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(Roberta Deen) Monograno Pasta is made with 100% organic single-source ancient grains. It comes handsomely, elegantly packaged in richly textured white boxes with clear panels that allow you to view the beautiful pasta within. I admired the packaging and began to read the detailed information on the back of the boxes. http://www.monogranofelicetti. it/eu_en/flour-types.html
The history of the various grains and their sources is carefully explained. The penne lisce (long, sturdy quills) was made from matt, “a strong and rich variety of durum wheat” cultivated in Puglia and Sicily.
The chiocciole (an oddly shaped, textured tube) is made from Khorasan-type durum wheat known as kamut,”the ancestor of our modern grain…easier to digest than other grains.”
And the linguine, a rich, textured whole wheat brown, is made from spelt which “has been around since the ancient days of the Celts, Egyptians and Etruscans. It is a soft wheat…that has a higher protein content and is richer in vitamins. There are 250 varieties. The Felicetti family uses one specific variety from…Umbria”.
I chuckled a bit and thought how the packages read like wine labels with “scents of hay and dried coconut, scents of hazelnuts and cooked eggplant, white flowers and freshly peel fruit”! There was the nose. Then came the flavor profiles – “pine and macadamia nuts with hints of edible flowers, stone cooked bread, butter and bamboo shoots, hints of peanut butter and red dates”. I took these descriptions as a challenge to see if they held true.
When I cooked them I chose to go very simple – water, a generous pinch of Fleur de sel salt and a splash of extra-virgin olive oil. I cooked about 4 ounces of each pasta until just a bit past al dente ( I am a very old school American pasta eater. I like it done.) As it cooked, I wafted the rising steam directly to my nose and there it was – the penne lisce made with matt gave off notes of green hay overlaying the dried coconut.
The Khorasan kamut released the gentle scents of white flowers blending with back notes of fresh fruit. The farro linguine emitted the fragrance of toasted hazelnuts with the palest hint of eggplant.
I drained the pasta, saving some of the cooking liquid for the finish with real butter and just a touch of freshly finely grated Parmegeano-Reggiano over the top.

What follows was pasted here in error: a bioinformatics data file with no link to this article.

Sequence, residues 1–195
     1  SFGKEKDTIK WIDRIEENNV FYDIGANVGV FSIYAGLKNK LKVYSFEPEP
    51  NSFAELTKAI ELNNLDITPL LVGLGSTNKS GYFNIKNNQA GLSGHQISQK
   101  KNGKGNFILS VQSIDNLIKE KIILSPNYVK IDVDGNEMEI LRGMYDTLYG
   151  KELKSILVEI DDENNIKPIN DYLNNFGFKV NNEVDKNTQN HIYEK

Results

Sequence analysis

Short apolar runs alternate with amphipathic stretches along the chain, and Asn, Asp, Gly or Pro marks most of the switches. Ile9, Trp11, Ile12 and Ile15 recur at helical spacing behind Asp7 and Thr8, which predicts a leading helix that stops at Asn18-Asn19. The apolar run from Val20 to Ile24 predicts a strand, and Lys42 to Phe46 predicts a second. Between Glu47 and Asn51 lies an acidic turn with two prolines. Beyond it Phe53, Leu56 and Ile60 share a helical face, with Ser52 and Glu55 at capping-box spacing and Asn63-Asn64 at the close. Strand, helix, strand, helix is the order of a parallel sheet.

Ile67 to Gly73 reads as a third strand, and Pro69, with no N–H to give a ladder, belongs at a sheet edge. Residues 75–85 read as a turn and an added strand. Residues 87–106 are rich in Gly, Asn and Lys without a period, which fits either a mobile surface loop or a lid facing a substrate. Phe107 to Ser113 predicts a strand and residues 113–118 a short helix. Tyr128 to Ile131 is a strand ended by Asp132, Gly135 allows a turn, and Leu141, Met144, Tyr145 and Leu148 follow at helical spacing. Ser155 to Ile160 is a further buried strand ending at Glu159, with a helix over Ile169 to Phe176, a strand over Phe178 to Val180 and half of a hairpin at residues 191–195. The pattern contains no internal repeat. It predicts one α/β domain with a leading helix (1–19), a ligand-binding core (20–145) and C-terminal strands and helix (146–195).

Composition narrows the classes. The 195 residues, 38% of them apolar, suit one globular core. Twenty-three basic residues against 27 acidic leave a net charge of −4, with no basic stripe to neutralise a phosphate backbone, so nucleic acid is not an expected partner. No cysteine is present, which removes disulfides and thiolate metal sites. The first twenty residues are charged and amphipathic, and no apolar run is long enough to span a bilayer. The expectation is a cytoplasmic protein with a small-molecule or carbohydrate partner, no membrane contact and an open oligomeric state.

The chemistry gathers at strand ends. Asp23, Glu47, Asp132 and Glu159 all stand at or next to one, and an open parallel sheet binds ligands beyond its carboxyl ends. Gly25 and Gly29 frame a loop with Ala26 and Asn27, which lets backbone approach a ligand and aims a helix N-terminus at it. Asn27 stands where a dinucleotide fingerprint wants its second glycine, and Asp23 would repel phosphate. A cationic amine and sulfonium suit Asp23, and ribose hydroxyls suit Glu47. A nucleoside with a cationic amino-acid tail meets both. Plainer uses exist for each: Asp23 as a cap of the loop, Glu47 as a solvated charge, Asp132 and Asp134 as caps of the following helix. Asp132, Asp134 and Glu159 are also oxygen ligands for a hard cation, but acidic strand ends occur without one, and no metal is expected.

From the first bite, I was enchanted. All of the pastas were toothsome, sturdy, fragrant (except that the farro linguini is a bit fragile if over cooked. It needs to stay al dente.) They would all take to any type of sauce and any style of salad. All of the flavor notes were there except that I was unable to find the peanut butter and red dates in the farro linguine. But, just the butter and Parm were more than sufficient for me. What more could one ask than fully flavored and fragranced pasta that could stand on its own.
Just as an introduction to letting the pasta be the star, I suggest the following recipe.
Pasta Nona Rustica
Per person as an entrée:
1 nicely ripe Roma tomato, charred, peeled, seeded, and diced
5 Italian black olives, pitted and slivered
5 small to medium basil leaves, torn into small pieces
Freshly ground black pepper
Finishing salt (lightly smoked or pink Himalayan would be a good choice)
2 Tablespoons toasted pine nuts
1/4 cup freshly grated Parmigiano-Reggiano (other hard, sharp
cheeses such as aged goudas would work as well)
2 ounces dried pasta such as the Monograno Matt penne lisce, kamut
chiocciole or the farro linguini
extra-virgin olive oil
1 top of a stem of basil for garnish
Cook the pasta in a generous amount of boiling water seasoned with salt
and a splash of extra-virgin olive oil for 8-10 minutes. Reserve 1 tablespoon
of the water the pasta was cooked in and drain the pasta well.
Return the reserved water to the pot, add the pasta back and toss well.
Add the tomato, olives and basil and toss again. Season with a few grindings
of pepper, a pinch of salt and toss lightly again.
Place the pasta in a serving bowl. Sprinkle with the pine nuts.
Generously dust with the Parmigianino and garnish with the basil top.
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